Jonathan Fuqua, fire education specialist, “extinguishes” a simulated fire in kitchen of the Covington Fire Department’s Fire, Instruction, Resource, Education, or F.I.R.E., Place. October is Fire Prevention Month, and this year’s theme is fire safety in the kitchen. The F.I.R.E. Place is located in a renovated home on Ivy Street and is used for various training and education courses. (Staff photo: Aimee Jones)
COVINGTON — Kitchen fires can start quickly and if you’re not careful, they can spread uncontrollably.
October is Fire Prevention Month and this year’s theme is fire safety in the kitchen. Newton County has a unique resource in its own backyard to educate the public about fire safety and prevention.
With the Covington Fire Department’s Fire, Instruction, Resource, Education, or F.I.R.E., Place, fire educators can offer hands-on, state-of-the-art instruction in a renovated house located at 2157 Ivy St., between Emory and Monticello streets.
“This is more than a news story,” said Jonathan Fuqua, fire education specialist with the CFD. “To me, this is about saving people’s lives.”
One feature of the F.I.R.E. Place is its kitchen that is outfitted with a BullEx Smart Stove that simulates a stove catching on fire, along with special effects such as a trash can that catches on fire and an oven and cabinets that seem to blaze.
It’s all done electronically with no actual flame, but there are also fire extinguishers that coincide with the equipment to give the experience of putting out a fire.
With this tool, people who attend the various fire safety classes offered by the CFD can gain practical tips on how to prevent a kitchen fire and experience first-hand how to extinguish a fire in the kitchen.
“The most common cause of kitchen fires is unattended cooking,” Fuqua said. “People can forget they have something on the stove and walk away without turning it off.”
He said accidents also happen when kids - or even adults - knock pans off the stove if the pot handles are not turned in.
“We recommend setting up a 3-foot safety area around the stove,” Fuqua said, adding that he has a floor mat in front of his stove at home that is off-limits to his son to keep him at a safe distance from the cooking area.
Fuqua said it is also important to keep the stove and cooking area clean because grease build-up, particularly on the vent hood, can be a risk factor in kitchen fires.
“It’s not the grease that catches fire, it’s the fumes off the grease,” he said.
Consequently, if a fire should start on the stove, it is important not to move the pan and agitate the grease. Instead, the person cooking should wet a towel and wrap it around his arm, place a lid on the blazing pot or pan and turn off the heat. In the event of a fire in the oven, Fuqua stressed not to open the door, but to let it die out naturally.
“Fire needs three thing: heat, fuel and oxygen,” he said.
Even if a fire is successfully extinguished, Fuqua said it’s important to still call the fire department to make sure a fire isn’t still smoldering in the walls.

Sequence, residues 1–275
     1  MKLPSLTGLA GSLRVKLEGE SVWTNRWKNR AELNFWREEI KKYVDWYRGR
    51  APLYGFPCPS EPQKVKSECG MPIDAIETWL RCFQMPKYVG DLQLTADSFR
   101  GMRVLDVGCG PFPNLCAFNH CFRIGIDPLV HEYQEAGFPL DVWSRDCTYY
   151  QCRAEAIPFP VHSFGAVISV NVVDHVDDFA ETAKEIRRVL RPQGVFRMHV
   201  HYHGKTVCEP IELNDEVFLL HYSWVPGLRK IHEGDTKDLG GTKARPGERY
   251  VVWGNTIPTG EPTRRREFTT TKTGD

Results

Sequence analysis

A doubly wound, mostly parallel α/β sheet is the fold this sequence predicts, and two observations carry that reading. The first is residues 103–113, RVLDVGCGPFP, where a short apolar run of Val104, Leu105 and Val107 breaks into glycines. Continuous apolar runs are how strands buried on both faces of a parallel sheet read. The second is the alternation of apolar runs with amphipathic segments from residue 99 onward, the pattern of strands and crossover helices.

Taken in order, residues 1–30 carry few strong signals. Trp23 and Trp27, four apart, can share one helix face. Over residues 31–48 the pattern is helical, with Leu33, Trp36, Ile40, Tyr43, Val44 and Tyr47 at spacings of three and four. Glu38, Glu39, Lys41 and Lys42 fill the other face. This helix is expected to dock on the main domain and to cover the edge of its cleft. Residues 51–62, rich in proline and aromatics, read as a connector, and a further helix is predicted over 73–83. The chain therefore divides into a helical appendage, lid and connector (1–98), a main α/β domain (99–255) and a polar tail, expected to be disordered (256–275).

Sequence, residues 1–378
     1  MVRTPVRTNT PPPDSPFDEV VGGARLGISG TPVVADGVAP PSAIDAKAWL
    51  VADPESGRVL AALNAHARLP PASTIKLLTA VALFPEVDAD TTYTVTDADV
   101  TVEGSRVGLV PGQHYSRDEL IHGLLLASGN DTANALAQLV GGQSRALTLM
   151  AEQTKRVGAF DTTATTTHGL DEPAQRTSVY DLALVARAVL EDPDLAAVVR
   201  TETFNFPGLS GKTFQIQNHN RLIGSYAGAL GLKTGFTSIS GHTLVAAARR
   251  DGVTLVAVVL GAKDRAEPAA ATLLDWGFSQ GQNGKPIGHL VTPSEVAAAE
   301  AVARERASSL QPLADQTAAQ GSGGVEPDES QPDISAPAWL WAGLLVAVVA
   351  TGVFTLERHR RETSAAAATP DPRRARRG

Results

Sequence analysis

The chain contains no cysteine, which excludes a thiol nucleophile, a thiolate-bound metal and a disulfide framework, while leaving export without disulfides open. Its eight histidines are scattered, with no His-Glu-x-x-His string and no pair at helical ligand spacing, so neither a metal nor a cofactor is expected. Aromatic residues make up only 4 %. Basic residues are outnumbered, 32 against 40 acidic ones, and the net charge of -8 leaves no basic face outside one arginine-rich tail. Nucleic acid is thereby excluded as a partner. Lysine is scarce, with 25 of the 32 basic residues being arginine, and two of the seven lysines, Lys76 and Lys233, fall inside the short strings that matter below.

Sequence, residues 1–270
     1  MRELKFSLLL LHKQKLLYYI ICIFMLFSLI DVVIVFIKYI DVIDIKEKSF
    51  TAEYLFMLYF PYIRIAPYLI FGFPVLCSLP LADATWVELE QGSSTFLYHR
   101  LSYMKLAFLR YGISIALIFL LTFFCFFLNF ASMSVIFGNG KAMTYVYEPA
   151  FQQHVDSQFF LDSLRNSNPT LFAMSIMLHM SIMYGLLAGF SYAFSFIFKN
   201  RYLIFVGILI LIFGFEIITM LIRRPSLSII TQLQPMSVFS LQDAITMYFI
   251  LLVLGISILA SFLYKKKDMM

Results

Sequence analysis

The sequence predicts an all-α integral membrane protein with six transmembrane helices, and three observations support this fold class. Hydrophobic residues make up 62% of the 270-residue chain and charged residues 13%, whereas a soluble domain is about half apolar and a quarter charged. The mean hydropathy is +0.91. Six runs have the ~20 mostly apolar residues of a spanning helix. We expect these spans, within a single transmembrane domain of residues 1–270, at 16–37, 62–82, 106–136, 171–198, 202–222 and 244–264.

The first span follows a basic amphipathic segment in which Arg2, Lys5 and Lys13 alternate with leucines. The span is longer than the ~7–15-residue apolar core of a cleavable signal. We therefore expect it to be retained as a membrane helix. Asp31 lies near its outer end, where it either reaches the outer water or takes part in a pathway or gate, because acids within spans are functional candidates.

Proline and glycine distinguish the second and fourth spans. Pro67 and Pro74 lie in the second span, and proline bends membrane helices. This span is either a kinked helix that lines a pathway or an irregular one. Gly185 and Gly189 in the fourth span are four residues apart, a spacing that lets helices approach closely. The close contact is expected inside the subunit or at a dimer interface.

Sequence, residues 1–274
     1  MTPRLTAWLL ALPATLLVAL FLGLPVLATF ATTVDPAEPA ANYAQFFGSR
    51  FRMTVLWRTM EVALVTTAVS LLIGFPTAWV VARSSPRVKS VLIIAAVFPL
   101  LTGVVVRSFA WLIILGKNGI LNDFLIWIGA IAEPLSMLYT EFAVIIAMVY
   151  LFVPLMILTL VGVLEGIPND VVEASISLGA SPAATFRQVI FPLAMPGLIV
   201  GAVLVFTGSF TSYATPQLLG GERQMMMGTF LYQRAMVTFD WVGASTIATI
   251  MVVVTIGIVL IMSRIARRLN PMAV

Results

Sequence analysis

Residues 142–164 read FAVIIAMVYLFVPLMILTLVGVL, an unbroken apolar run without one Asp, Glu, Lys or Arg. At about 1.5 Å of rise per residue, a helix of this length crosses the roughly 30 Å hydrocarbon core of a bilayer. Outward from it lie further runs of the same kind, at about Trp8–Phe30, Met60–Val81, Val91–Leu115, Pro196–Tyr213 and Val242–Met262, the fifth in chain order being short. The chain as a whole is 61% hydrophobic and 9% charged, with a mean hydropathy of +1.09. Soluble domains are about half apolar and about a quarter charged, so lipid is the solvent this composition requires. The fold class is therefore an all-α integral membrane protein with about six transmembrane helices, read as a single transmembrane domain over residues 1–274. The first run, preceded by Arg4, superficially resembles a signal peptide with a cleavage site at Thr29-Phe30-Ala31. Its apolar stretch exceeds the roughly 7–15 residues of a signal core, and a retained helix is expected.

In addition to the kitchen area, The F.I.R.E. Place also has a bedroom that can allow people going through the training to learn how to escape a burning, smoke-filled bedroom.
Fuqua, who came on board with CFD in August after serving as firefighter with the Newton County Fire Service since 2002, said the F.I.R.E. Place is unique in that it is one of the first free-standing fire-safety houses in the state. With its classroom, it can accommodate groups that want to receive instruction on a number of fire safety techniques, such as stop, drop and roll; using a fire extinguisher; E.D.I.T.H. plans, which stands for exit drills in the home; and CPR. All the courses are free, except for the CPR certification, which costs $6, Fuqua said.
While much fire safety instruction focuses on school-age children, many adults from area businesses and organizations take advantage of the trainings offered.
Fuqua said many adults may think they don’t need training in fire safety and prevention, but until you’re actually in a crisis situation, you don’t know how you will react.
“I would encourage all people to have a refresher course,” he said, adding that people can ask any firefighter for advice. “Fire education is not just my job — it’s all our jobs.”
Fuqua said he has reached more than 700 citizens since August with fire safety courses.
Fire education is important to Fuqua, who recounted a time when he conducted a fire safety education course at a local elementary school a few years ago and later that night, a fire was reported at the home of a student who had participated in the course.
“She did what she was supposed to do and everyone got out safely,” Fuqua said. “I count that as a success.”
Anyone who is interested in learning more about the F.I.R.E. Place or about fire education courses can contact Jonathan Fuqua at 678-712-9387 or by email at firstname.lastname@example.org.